How To Design A Warm Up


How To Design A Warm Up

A warm up is not about getting warm. Looking around you when you come in to train you will notice that a typical gym bunny ‘warm up’ consists of a couple of light weight sets of the exercise they are about to do, then pile on the weight and go for glory.


Third Space Elite Trainer and expert in biomechanics Luke Worthington gets a little hot under the collar explaining the importance of an effective warm up.

If you’re lucky you may see someone do a few minutes on a cross trainer or a rower then one or two static stretches or swings of their limbs. They may be warm – yes, but are they prepared for the movements they are about to undertake – absolutely not.

The purpose of this article is to change the emphasis of a ‘warm up’ from simply getting warm on a frosty morning, to being adequately prepared for a training session. By following some of these pointers you should see a marked improvement in how you move and feel, your performance in the gym, and most importantly reducing your risk of injury. From a typical gym session of 1 hour, you should spend at least 15 minutes of that on your warm ups.

The most important consideration when designing your warm up is that strength training cements movement patterns. Therefore if you have a faulty or dysfunctional movement – then performing it under load for sets and reps will make it very hard to ‘un learn’. Your warm up, therefore, should be about getting into the most optimal position available to you at that time and then beginning to work under load.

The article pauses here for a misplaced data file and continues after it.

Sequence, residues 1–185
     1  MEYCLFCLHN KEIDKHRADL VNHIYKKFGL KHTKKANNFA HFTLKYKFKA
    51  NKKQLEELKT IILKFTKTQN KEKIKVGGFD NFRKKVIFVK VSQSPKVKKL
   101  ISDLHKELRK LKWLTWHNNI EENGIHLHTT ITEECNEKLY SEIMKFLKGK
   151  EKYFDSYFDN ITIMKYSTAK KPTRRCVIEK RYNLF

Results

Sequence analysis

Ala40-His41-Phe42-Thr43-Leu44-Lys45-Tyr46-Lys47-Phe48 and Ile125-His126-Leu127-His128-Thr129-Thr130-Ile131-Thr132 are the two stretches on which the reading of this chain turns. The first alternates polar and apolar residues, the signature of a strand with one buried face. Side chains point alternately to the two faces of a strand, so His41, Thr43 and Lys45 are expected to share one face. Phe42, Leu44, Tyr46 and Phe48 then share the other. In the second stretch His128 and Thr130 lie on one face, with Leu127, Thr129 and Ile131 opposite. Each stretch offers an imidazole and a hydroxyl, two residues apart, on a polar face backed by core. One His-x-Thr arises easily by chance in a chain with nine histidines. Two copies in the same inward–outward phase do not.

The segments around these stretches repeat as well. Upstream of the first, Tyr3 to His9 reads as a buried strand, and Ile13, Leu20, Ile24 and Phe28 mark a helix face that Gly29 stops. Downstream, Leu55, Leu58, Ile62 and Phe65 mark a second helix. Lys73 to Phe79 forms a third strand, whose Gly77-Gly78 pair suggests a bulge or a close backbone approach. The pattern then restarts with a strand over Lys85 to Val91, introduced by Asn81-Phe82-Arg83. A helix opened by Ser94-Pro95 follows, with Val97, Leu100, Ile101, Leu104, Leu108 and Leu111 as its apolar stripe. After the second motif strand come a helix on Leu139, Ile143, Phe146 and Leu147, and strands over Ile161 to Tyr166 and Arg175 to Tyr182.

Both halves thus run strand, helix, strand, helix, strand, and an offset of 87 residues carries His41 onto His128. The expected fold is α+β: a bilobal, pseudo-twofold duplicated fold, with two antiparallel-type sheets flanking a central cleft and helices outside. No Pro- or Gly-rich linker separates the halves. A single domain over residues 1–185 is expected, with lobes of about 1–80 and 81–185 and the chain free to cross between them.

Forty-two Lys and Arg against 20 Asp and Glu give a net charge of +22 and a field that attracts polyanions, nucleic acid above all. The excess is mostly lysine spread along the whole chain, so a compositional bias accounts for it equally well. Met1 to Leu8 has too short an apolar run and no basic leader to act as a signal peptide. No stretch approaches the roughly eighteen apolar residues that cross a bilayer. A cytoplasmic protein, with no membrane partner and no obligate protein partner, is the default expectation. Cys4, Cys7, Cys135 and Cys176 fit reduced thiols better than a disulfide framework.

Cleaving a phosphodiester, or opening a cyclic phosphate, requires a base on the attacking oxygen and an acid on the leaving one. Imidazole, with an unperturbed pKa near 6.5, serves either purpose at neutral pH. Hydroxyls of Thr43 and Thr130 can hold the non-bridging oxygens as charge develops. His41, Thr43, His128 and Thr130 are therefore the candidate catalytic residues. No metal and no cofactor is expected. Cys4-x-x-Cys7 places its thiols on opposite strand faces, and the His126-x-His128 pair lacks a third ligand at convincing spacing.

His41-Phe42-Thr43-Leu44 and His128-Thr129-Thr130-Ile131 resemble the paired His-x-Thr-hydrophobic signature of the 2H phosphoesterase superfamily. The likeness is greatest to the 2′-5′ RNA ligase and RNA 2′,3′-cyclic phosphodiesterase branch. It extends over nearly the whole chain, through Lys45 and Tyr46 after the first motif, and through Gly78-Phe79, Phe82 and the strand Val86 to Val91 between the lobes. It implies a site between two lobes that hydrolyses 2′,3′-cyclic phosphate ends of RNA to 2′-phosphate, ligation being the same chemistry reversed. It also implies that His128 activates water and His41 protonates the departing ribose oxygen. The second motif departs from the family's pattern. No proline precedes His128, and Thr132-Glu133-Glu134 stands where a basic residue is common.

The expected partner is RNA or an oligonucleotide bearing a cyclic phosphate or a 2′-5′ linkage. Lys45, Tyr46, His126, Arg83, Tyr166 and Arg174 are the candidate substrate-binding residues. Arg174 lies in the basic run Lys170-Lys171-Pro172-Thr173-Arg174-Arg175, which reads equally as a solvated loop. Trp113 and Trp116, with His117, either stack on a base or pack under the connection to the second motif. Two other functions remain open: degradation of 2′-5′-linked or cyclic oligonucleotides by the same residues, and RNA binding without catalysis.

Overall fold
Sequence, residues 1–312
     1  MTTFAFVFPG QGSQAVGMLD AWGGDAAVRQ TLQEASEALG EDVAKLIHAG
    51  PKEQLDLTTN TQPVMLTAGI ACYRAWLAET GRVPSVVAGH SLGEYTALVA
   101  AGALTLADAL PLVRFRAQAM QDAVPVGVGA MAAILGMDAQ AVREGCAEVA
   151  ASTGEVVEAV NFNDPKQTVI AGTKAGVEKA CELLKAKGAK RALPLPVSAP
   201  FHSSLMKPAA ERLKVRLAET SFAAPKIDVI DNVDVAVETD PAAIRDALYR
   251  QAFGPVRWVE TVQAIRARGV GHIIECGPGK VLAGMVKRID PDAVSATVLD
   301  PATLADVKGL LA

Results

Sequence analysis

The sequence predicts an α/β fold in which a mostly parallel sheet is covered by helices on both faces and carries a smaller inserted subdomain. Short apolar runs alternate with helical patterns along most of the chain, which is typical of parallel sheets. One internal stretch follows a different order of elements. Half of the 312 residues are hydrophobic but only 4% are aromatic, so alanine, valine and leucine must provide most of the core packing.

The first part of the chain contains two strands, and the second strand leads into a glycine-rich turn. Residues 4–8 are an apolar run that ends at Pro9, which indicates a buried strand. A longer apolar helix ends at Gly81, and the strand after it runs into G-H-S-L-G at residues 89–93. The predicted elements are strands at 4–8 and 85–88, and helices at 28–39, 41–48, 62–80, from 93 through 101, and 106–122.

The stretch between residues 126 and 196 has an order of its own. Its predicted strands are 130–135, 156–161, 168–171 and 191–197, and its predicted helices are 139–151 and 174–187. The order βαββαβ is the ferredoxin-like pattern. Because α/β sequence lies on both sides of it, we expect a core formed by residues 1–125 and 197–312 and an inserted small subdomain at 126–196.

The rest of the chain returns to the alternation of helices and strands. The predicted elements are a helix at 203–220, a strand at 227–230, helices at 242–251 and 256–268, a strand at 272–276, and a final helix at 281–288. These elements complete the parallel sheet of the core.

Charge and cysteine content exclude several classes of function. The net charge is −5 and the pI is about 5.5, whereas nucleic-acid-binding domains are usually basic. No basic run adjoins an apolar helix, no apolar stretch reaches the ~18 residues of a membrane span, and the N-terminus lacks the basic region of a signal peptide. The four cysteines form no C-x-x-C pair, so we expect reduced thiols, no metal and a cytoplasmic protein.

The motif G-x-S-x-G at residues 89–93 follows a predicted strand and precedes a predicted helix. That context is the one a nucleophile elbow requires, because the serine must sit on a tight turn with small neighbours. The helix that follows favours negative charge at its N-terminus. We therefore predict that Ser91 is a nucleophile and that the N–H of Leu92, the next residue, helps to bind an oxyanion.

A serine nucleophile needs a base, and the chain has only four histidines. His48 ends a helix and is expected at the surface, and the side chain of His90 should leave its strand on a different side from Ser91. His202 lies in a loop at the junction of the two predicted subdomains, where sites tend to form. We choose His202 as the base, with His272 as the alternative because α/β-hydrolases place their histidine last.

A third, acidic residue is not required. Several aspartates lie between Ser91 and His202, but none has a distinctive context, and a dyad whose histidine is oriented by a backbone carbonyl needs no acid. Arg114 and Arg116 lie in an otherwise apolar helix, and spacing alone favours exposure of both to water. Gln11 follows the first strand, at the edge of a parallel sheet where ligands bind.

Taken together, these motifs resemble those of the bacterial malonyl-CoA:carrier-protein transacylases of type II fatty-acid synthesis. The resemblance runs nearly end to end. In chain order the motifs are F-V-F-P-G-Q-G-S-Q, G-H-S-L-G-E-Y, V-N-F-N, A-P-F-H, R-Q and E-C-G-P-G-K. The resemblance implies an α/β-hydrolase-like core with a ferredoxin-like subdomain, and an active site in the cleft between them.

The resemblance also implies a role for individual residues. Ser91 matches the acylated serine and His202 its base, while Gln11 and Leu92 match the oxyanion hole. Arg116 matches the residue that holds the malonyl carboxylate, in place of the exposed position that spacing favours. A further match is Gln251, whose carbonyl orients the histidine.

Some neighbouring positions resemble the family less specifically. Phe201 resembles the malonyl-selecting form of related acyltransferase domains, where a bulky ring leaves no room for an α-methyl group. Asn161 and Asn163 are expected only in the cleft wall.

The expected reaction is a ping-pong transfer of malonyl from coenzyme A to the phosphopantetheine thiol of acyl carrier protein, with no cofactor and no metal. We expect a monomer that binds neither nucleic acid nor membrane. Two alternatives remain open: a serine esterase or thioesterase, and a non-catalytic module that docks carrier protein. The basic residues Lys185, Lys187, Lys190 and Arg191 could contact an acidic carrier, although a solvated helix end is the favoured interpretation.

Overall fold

I like to break a warm up into four distinct sections:



Foam rolling or other myofascial work to reduce sympathetic tone and improve tissue quality.


The most simple way to look at this is ‘reverse posture’. Have you just been sat hunched over a keyboard for 8 hours? In which case consider thoracic extensions. Have you just run to the gym or been on your feet all day? In which case think of core activation work and specific hip mobility.

This is about getting you as close to a ‘neutral’ posture as you can get on that particular day. Your re-set drills will be specific to you and are things you should see progressions with from session to session.


What movements are you about to perform in the gym?

Overhead pressing – then think of scapular stabilisation and shoulder mobility.

Squatting – then consider ankle mobility, glute activation and hip flexor mobility.

This portion of your warm up will be specific to your work out. If you are unsure then I recommend working ‘toe to head’ through your body segments – each adjacent segment should be either mobile or stable i.e.

Feet – stable

Ankle – Mobile

Knee – Stable

Hip – Mobile

Lumbar spine – Stable

Thoracic spine – Mobile

Scapular – stable

Shoulder – Mobile


This is really your transition from your warm up to the workout. Reactive work is prepping your central nervous system (CNS) and getting it fired up to do some work. Examples of reactive work for the lower body are skipping, hopping and bounding drills. For the upper body – medicine ball throws, slams and stomps. For the supermen (and women) out there this is where your box jumps and clap push-ups should fit in to your session.

Remember – a warm is not about getting warm – it is about getting your body in the optimal position to cope with the demands you are about to place on it.

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